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By Roz Rogoff

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About this blog: In January 2002 I started writing my own online "newspaper" titled "The San Ramon Observer." I reported on City Council meetings and other happenings in San Ramon. I tried to be objective in my coverage of meetings and events, and...  (More)

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Fair Trade or Direct Trade

Uploaded: Oct 7, 2014

October is Fair Trade Month. Fair trade is a practice where suppliers and producers of products, components, or ingredients, are paid fairly for their efforts and goods.

Fair Trade enables these producers in other countries to move out of poverty and improve their lives, and those of their families and children, and countrymen. It is, as it says, being fair to the people who supply the materials and ingredients we use here in our manufacturing, food service, and daily lives.

I thought "Fair Trade" was a generic term to describe how farmers, tradesmen, and crafters, were paid for their products. Doing research for this blog, I discovered that Fair Trade USA is a non-profit organization in Oakland that "audits and certifies transactions between U.S. companies and their international suppliers to guarantee that the farmers and workers producing Fair Trade Certified goods are paid fair prices and wages, work in safe conditions, protect the environment and receive community development funds to empower and uplift their communities."

So Fair Trade USA is a go-between corporations, suppliers, and laborers, to make sure buyers receive quality products and producers receive fair prices. Most Americans believe in being fair to other people by respecting hard work and rewarding quality work. That's what Fair Trade is about.

Last March I wrote my blog on Coffee. I was trying different varieties of coffee. Coffee is one of those products that is grown in what are often called "Third World Countries." These are countries in Africa, South America, Asia, and the Caribbean, where growers and workers were not paid enough for their beans to make a decent living. Fair Trade USA now represents many coffee growers in these countries.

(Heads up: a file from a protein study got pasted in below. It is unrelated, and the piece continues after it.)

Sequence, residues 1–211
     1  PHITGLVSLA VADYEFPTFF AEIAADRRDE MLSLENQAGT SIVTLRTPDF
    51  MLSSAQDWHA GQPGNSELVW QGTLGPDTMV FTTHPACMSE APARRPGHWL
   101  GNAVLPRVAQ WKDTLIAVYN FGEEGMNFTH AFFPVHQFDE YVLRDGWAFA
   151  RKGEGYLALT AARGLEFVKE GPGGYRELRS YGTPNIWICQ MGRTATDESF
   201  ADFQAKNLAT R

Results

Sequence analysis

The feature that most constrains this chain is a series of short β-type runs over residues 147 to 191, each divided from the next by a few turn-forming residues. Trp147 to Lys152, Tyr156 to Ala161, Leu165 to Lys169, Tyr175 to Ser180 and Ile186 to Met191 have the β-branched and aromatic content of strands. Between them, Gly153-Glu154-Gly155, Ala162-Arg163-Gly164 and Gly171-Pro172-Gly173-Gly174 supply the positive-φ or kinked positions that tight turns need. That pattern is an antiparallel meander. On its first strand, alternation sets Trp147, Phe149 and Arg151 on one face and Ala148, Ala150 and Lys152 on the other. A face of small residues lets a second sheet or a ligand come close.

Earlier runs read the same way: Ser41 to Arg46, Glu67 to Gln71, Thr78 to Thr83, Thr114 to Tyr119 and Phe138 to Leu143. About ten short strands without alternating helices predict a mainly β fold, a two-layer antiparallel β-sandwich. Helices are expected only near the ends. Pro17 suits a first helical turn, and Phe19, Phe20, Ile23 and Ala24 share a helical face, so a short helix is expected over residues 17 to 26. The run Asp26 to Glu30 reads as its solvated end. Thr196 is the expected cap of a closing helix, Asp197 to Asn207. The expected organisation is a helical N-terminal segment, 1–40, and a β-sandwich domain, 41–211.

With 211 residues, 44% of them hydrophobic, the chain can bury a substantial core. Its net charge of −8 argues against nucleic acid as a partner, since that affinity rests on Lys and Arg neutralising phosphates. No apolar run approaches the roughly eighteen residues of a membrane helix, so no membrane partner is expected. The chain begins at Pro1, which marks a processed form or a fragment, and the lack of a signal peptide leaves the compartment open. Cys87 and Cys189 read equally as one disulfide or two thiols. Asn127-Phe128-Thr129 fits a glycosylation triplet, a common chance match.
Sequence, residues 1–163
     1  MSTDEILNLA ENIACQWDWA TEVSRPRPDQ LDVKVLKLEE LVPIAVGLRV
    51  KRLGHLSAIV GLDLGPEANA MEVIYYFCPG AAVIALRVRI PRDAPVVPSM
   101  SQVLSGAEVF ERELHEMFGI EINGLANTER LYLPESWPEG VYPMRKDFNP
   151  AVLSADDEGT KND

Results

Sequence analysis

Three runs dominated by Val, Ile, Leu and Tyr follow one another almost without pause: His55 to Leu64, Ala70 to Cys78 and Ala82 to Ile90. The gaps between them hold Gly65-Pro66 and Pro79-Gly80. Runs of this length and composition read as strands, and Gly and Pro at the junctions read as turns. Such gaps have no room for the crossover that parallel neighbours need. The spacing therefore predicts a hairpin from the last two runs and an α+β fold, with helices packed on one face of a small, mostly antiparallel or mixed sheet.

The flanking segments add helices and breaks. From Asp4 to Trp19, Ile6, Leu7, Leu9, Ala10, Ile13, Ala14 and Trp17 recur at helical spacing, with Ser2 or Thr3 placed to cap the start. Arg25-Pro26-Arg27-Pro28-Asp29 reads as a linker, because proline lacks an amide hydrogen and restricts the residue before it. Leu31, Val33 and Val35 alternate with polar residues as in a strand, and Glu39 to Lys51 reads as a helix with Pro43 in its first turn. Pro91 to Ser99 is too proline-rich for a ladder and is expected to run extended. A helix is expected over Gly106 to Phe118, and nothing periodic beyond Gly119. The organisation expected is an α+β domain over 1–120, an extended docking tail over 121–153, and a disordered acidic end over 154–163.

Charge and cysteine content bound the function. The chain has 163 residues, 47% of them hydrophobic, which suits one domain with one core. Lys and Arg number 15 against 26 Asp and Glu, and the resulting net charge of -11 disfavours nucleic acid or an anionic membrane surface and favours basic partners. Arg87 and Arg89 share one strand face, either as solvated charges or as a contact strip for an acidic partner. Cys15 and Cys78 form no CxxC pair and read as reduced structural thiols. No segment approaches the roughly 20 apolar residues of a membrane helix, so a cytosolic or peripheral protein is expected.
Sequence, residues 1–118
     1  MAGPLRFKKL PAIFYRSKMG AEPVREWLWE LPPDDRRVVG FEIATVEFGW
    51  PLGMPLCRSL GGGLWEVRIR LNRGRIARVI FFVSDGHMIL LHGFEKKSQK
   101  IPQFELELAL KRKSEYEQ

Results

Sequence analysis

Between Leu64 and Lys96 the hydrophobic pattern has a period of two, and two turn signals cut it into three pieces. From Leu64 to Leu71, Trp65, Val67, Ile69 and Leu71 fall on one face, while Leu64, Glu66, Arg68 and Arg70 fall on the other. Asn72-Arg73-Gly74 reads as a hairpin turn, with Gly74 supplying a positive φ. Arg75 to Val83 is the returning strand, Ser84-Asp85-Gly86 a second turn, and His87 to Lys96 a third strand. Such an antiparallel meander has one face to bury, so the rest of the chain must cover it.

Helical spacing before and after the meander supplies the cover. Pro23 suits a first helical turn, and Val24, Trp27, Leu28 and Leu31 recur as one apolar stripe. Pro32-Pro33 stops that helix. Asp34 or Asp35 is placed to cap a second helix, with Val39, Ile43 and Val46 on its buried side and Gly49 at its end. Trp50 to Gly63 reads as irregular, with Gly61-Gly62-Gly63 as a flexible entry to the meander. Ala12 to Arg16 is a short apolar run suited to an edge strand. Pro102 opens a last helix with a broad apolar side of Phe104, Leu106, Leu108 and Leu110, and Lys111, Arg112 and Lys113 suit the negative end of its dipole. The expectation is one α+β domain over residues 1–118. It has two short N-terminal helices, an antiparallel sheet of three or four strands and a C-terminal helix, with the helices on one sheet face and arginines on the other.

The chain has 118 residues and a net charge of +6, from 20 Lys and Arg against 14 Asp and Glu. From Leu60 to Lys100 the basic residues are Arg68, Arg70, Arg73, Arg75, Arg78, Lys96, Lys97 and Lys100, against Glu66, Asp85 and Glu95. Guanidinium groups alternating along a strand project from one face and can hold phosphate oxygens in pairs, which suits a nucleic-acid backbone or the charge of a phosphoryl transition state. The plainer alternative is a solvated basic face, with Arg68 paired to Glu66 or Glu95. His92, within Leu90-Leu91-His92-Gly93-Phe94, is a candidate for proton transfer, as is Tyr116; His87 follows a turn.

After I wrote my blog on coffee, someone suggested I try Café Kreyol. I don't remember who suggested it and I can't find an email or reply to my blog with it, but I checked out the Café Kreyol website.

Café Kreyol is in Haiti and is not Fair Trade. According to the Café Kreyol website it is Direct Trade. "This Direct Trade system, which is the backbone of Cafe Kreyól, believes that quality and sustainability go hand in hand and that farmers should get paid based on the quality of their product. We practice that belief by paying up to 300% higher wages than what Fair Trade requires for truly exceptional coffee."



I bought two varieties of coffee from Café Kreyol last month ? Zombie Desert (Great coffee, terrible name) and Caribbean Blue. The "Blue" coffee bean is the same bean variety grown in Jamaica as Jamaica Blue Mountain, which is among the most expensive coffees in the World. I have tried Jamaica Blue Mountain and it is great, but costs about $40 a pound. Haitian Blue is $15 for a 12 oz. bag or half the cost of the same coffee variety from a neighboring island.

I also bought a coffee tree for $1.85 which basically finances the purchase, planting, and nurturing of a Blue Mountain Coffee tree to replace trees lost to leaf rust. My only stake in Café Kreyol is that I like the coffee and now own a tree.



I visited Haiti many years ago on a cruise. I remember that despite the poverty of the country the people were very proud and dressed up when the cruise ships were in port. I probably will not go back to Haiti again, but I can remember my visit by drinking what has now become my favorite coffee.
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